(-3 49/3 0.537S0 -0.34299999999999997 5.0999999999999996)

Conclusion: lisp is more expressive, period.

## Re: finding maximum

["Followup-To:" header set to comp.lang.perl.misc.]

Yeah right.

That is a load of hooey.

You are not comparing languages, you are comparing algorithms.

If you had used the high water mark algorithm in C's (a), then it would have

generalized just as well as the high water mark algorithm in Perl's (a) did.

#define NUMMAX (10)

int max(int a[NUMMAX])

{

int max = a[0];

for(int i = 1; i < NUMMAX; i++)

if(a[i] > max)

max = a[i];

return max;

}

--

Tad McClellan

email: perl -le "print scalar reverse qq/moc.noitatibaher0cmdat/"

## Re: finding maximum

...

http://search.cpan.org/~gbarr/Scalar-List-Utils-1.19/lib/List/Util.pm

Hopeless. We don't do your homework for you.

Sinan

--

(remove .invalid and reverse each component for email address)

comp.lang.perl.misc guidelines on the WWW:

http://www.rehabitation.com/clpmisc /

## Re: finding maximum

Negate both, find the minimum, and negate that minimum.

Be careful of corner cases: On many systems negating the most

negative integer fails to produce a positive integer (which

could lead to an incorrect answer), and on some systems there

are numbers X,Y such that X<=Y and Y<=X are

***both***false.

A subtle problem; I wish you luck with it.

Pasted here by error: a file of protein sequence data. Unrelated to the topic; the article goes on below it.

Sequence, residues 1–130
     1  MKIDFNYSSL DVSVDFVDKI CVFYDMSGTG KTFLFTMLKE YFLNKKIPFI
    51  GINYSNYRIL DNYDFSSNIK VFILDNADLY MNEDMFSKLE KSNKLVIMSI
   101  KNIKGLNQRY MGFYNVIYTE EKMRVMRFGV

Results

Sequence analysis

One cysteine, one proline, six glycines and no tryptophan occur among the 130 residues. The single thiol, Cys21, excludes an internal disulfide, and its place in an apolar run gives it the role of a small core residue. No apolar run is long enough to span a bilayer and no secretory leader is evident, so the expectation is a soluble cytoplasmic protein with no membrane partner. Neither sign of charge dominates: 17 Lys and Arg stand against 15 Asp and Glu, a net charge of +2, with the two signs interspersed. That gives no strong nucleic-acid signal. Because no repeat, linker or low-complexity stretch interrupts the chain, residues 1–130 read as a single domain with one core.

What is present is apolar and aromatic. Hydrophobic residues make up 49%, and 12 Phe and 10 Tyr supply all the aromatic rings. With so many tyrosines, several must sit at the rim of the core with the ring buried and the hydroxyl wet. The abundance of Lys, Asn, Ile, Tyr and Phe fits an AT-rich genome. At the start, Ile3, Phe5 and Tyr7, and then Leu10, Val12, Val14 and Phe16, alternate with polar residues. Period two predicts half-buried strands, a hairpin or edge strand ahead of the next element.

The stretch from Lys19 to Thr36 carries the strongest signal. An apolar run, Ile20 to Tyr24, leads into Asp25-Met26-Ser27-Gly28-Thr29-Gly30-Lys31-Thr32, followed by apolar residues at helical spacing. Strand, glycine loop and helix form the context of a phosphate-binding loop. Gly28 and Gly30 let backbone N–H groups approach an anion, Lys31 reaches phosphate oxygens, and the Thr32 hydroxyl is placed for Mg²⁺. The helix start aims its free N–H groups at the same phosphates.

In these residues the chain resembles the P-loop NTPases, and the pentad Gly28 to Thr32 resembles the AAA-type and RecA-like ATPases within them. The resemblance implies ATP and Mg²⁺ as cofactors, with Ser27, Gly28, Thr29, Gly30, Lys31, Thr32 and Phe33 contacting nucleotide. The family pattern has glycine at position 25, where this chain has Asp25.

Much harder, because in a set of N numbers there are

(N choose 2) = N * (N-1) / 2 pairs to consider. Even for a

fairly modest set size like N = 1000000 it can easily happen

that (N choose 2) exceeds the maximum value of the system's

integer.

So, I suggest a heuristic approach. Choose a pair of the

numbers at random, and determine their maximum by applying the

solution to (a). Then choose another pair at random and find

***their***maximum the same way. Now (and here's the crux) you

have formed the leftmost two pieces of a tree in which all the

numbers appear:

. .

. . .

/ \ .

max(A,B) max(C,D) .

/ \ / \ /

A B C D E ...

Using a stack (or possibly a priority queue) you can recursively

compute max(A,B,C,D) = max(max(A,B), max(C,D)), and then

max(A,B,C,D,E,F,G,H) = max(max(A,B,C,D), max(E,F,G,H))

= max(max(max(A,B), max(C,D)), max(max(E,F), max(G,H))) and

so on, populating the tree in a bottom-up left-to-right

fashion. Eventually, the root of the tree will be equal to the

maximum of the entire set, with a probability close to unity.

There's a strong analogy to the Mergesort algorithm: If you

consider the tree as a representation of a merge sort, then

the desired maximum of N elements is the unique element that

is not among the first N-1 emitted.

There is no such thing as "idiomatic C." There are only

"High C" (as practiced during the High C Era), and "Trade C"

(the patois that has taken hold among those who'd rather get

things done than argue about the proprieties). There are also

some debased C-ish dialects, notably "Rapper's C" or "CRap."

Ah! A much easier question! Answer: I would not do it

in any kind of Perl, idiotmatic or otherwise.

Both languages are Turing-complete, that is, capable of

expressing methods that solve all computable functions (subject

to the finiteness limits of the computers they execute on.) Also,

both languages are Virgil-complete, that is, capable of expressing

figurative and poetic thought, as in

C2shining(C)

and

Perl + Perl <- Swine

> Thx!

D'rn.

--

Eric Sosman

esosman@ieee-dot-org.invalid